23 votes

The role of mastodon.social in the Mastodon ecosystem

21 comments

  1. diode Link
    As someone who runs their own single user Mastodon instance, my experience has been that very few active accounts on the Federation are actually on mastodon.social. The majority of my feed comes...

    As someone who runs their own single user Mastodon instance, my experience has been that very few active accounts on the Federation are actually on mastodon.social. The majority of my feed comes from relatively small instances and it's a running joke that almost all Mastodon account handles end with a ridiculously long (and therefore cheap) domain name.

    I really find it hard to believe that anyone would be significantly confused by the concept of federation: people can comprehend email just fine. Personally, I don't think anybody younger than 30 is going to be confused by Mastodon's signup system. In fact I'm pretty sure the majority of people on pawoo.net and mastodon.jp (the largest instances iirc) don't even come into contact with Mastodon through joinmastodon.org.

    On a side note, one benefit of the way Mastodon decentralizes that I haven't seen people mention is how international it is. Most major social media sites pretty much only serve one language, or segregate them. On Mastodon, most of my feed isn't even English. You can't have that with centralized services like Tildes or HackerNews because a single community can really only speak one language.

    10 votes
  2. clerical_terrors Link
    Some interesting follow-up discussion in the thread for the announcement toot. Disocoverability and recruitment remain issues for Mastodon. Even joinmastodon.org doesn't necessarily point you...

    Some interesting follow-up discussion in the thread for the announcement toot. Disocoverability and recruitment remain issues for Mastodon. Even joinmastodon.org doesn't necessarily point you towards an instance you'll enjoy or one that is actively taking on new members. Some ideas like "onboarding" instances where people test the waters before switching to another instance or having a primary list of instances to propose floating around.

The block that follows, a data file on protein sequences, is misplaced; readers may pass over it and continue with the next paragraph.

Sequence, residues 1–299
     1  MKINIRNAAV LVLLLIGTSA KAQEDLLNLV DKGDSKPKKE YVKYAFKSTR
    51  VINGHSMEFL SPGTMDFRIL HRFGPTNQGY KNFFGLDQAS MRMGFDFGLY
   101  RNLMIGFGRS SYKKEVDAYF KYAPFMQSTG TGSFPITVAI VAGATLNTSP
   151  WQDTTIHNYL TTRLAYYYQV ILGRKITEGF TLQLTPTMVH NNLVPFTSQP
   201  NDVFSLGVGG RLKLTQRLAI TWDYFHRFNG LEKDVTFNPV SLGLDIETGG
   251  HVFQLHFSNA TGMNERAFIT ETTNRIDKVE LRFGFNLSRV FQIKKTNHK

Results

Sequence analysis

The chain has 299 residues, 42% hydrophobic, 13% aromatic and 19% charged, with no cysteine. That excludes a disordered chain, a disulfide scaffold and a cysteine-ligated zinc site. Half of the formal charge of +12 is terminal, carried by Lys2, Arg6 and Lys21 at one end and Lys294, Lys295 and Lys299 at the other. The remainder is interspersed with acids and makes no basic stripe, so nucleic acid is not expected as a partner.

6 votes
  3. [12]
    alyaza Link
    i'll be interested to see how people try to innovate around the problem that's described here. in some respects it's actually one of the biggest problems with modern decentralized platforms:...

    i'll be interested to see how people try to innovate around the problem that's described here. in some respects it's actually one of the biggest problems with modern decentralized platforms: decentralized as they might be, they all by nature have flagship servers/communities, and those often become associated with what the platform is in its entirety by people who have no experience with the platform. this also, if left unaddressed, can pretty much work antithetically to the point of decentralization (as some would argue is basically the case with mastodon.social) because if people congregate on mostly larger instances, should those instances fail they'll overwhelm the smaller ones and the effect might cascade and fuck over most of the network (or at least memory hole large parts of the community). and to be honest, i'm not entirely sure what the best solution is to try and minimize consolidation of that sort would be. there are some rudimentary ones like shutting down sign-ups on larger instances--but obviously there are issues with doing that as the post here brings up which make options in that vein difficult. something like a directory of instances based on subject (like what already exists) seems better, but i'm sure people have reservations about that too.

    5 votes
    1. [2]
      Deimos (edited ) Link Parent
      It's a tough problem. Even for myself, knowing it's decentralized and that it's not that important, I still found the "choose a server" experience on the site overwhelming. They tell you that it...

      It's a tough problem. Even for myself, knowing it's decentralized and that it's not that important, I still found the "choose a server" experience on the site overwhelming. They tell you that it doesn't matter, but then they also categorize all the servers into different types/audiences, so it's a mixed message and obviously does matter on some level. By choosing a server you're also effectively tying yourself to decisions about that server and by its admin, in that other servers may choose not to federate with your server for some reason, or vice versa.